Contingency billing

Contingency billing is a powerful pricing model that preserves accessibility while reducing risk for the personal plight firm. Because the firm can deduct its fee from the client’s settlement or judgment funds, non-payment risk is eliminated even though no up-front retainer is required from the client. The firm must still deal with labour requirement risk, but carrying a portfolio of contingency cases with different characteristics mitigates that.

Most people with personal plight legal needs would much rather pay on a contingency basis than through a pre-paid time-based retainer. Already ubiquitous in personal injury and class action cases, contingency fees could be adopted by more firms in areas such as employment law and estate litigation. Some provincespermit their use in family law cases not involving children.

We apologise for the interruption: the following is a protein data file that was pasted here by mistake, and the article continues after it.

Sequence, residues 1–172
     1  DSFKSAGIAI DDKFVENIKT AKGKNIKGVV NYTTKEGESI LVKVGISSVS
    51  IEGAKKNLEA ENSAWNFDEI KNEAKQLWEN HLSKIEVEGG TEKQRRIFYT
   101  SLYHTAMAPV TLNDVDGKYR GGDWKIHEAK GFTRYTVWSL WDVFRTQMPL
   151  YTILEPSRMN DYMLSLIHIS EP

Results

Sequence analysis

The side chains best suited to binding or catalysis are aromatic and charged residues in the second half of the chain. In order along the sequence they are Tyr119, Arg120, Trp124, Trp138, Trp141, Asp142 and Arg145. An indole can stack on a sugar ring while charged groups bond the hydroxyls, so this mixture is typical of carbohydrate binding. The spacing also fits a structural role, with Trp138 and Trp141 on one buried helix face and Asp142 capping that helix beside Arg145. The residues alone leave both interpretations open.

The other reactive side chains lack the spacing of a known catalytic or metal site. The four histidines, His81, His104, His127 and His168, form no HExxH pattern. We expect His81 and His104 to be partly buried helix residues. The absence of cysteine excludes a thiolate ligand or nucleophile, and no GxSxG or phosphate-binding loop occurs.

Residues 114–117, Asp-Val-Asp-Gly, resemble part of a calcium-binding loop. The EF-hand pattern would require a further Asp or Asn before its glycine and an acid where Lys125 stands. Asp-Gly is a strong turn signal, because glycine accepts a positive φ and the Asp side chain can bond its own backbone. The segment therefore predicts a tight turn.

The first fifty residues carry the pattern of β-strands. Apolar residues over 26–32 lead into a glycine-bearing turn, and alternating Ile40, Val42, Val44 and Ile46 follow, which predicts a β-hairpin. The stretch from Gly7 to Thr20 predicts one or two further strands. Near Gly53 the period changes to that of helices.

However, when a personal plight client is seeking a significant non-financial remedy, contingency billing loses most of its appeal. In such cases, there is no “pot of gold” at the end of the litigation rainbow from which the firm can reliably collect its fee. Moreover, the alignment of incentives between client and firm — which is one of the contingency fee’s chief attractions — breaks down if the client needs the firm to pursue non-financial objectives, for which the firm will not be compensated. Thus, for matters such as criminal defence, family cases involving children and contested refugee matters, personal plight firms must seek other alternatives if they wish to move beyond pre-paid time-based billing.